3. That being said, I also learned that there’s a time when it’s best to suck it up and wrap up the Eeyore tendencies. This is one of the harsher things I learned and it’s actually hard to say, but I’m being as real as the STREETS right now, homeys. There are maybe one or two people, if you are very, very lucky, that will hang out with you as long as it takes for you to get all that sad stuff out, no matter the timeline. But for the most part, people– really loving, wonderful people– can’t hang with you like that for too long. They have their own lives and things they need to do and they need you to get back to being a more equal person in the relationship. They need to talk about their stuff and not just listen to your stuff. I may have even gotten some straight up CUT THAT SHIT OUT NOW I AM DONE HEARING ABOUT IT here and there.  Sure, hearing that can be a lesson learned right in the nuts, but I can’t be mad about it, because I know behind the frustration, there’s love there, and none of us are perfect. Well, besides Beyonce, obviously. So as much as I have learned about letting my grief fly and letting myself be in it, I have also learned when it’s time to fold it up and put it away.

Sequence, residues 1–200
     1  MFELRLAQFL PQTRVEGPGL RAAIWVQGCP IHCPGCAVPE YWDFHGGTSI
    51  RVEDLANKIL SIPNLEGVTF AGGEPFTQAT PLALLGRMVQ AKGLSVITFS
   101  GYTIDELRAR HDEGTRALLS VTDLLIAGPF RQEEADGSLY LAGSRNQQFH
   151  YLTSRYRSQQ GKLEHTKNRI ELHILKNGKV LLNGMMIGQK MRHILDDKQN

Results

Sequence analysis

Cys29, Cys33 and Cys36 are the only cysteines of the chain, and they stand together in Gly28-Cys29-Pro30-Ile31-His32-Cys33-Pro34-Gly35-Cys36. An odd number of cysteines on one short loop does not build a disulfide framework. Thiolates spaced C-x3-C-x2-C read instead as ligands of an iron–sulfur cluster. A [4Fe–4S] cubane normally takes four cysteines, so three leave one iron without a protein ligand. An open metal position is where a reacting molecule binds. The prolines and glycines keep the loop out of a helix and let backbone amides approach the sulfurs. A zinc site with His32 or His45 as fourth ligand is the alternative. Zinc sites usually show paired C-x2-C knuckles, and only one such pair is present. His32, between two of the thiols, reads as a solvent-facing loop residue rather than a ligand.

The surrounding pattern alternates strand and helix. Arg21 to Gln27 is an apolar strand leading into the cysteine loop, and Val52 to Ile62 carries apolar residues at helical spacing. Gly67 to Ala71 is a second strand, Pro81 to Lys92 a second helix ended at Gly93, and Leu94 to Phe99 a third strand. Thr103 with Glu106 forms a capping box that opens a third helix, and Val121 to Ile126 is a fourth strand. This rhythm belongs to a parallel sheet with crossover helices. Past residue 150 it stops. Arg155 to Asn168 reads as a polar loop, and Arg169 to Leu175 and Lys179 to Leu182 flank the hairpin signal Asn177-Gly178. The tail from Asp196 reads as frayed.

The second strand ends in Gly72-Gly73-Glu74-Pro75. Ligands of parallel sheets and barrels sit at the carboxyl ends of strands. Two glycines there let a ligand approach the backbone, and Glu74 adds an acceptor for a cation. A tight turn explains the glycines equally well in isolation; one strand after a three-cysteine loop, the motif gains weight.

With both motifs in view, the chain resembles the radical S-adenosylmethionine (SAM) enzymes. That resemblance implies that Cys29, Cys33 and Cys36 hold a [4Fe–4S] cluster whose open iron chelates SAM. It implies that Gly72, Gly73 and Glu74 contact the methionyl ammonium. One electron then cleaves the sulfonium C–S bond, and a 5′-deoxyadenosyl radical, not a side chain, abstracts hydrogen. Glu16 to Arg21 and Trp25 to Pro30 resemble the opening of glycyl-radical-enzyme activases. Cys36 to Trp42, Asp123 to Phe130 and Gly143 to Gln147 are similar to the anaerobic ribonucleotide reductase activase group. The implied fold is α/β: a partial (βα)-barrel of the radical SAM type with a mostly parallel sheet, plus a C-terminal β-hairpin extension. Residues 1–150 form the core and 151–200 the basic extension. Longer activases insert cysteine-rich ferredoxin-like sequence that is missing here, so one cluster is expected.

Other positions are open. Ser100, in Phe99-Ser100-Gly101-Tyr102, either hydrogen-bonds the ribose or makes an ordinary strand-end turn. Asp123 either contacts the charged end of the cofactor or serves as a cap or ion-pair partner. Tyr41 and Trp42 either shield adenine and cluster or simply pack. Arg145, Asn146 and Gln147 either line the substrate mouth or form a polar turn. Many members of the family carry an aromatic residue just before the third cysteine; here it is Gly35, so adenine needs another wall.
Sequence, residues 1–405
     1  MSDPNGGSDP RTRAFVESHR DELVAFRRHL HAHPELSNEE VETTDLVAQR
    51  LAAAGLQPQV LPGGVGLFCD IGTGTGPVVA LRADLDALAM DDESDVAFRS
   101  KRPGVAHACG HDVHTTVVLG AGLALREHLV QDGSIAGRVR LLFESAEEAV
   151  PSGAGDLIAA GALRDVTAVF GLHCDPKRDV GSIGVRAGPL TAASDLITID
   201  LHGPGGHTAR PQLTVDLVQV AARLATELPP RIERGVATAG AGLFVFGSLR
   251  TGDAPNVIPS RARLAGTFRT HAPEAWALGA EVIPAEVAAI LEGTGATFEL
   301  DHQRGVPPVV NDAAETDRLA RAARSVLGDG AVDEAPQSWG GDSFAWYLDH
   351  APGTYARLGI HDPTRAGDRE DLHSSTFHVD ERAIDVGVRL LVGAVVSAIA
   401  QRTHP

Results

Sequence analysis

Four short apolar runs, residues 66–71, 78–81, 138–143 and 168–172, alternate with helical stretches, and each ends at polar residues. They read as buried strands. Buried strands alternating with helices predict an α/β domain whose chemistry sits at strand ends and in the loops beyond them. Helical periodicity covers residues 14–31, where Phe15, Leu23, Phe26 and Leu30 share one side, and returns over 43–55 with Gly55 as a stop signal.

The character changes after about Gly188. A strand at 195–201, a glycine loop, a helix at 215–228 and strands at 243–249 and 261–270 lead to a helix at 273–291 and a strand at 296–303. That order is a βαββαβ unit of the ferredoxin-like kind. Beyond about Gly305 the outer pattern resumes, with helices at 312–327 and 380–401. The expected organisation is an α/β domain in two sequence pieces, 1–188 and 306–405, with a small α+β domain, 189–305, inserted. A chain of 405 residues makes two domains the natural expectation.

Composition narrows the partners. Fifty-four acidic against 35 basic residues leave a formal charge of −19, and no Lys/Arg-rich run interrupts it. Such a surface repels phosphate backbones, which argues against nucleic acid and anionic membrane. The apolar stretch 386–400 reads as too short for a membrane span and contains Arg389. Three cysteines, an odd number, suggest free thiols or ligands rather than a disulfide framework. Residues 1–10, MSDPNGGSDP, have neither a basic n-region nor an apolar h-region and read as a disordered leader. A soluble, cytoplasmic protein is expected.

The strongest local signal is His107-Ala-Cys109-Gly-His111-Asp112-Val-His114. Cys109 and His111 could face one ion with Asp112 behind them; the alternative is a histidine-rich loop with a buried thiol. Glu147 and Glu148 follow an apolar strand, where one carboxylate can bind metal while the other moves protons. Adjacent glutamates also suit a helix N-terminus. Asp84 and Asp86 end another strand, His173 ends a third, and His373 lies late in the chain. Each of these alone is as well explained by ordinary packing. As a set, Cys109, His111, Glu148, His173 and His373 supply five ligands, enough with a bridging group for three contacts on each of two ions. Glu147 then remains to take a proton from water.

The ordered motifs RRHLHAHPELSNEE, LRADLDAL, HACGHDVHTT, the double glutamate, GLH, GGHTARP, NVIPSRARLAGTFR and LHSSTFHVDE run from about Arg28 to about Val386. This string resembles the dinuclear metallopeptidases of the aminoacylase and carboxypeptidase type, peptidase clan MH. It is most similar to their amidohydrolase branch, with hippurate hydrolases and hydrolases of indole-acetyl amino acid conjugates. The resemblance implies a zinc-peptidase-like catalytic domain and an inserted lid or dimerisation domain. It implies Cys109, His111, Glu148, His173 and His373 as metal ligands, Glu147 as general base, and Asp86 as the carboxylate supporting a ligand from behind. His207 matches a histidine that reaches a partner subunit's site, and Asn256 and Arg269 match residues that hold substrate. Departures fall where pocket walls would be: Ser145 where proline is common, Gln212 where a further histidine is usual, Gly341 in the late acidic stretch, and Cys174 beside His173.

4. Even though I would have said, before this happened, that Nordic Boy and I were closer than peanut butter and jelly in a Goober jar, this year has shown me that it was possible to be more connected, more solid, more joyful together. We jibber jabber about ev-er-y-thing, we laugh a lot, we cannot wait to hang out together. We are just horribly sickening.

5. I have learned that there’s a sort of secret society of grievers out there. People who have lost someone too, and who will reach out and help.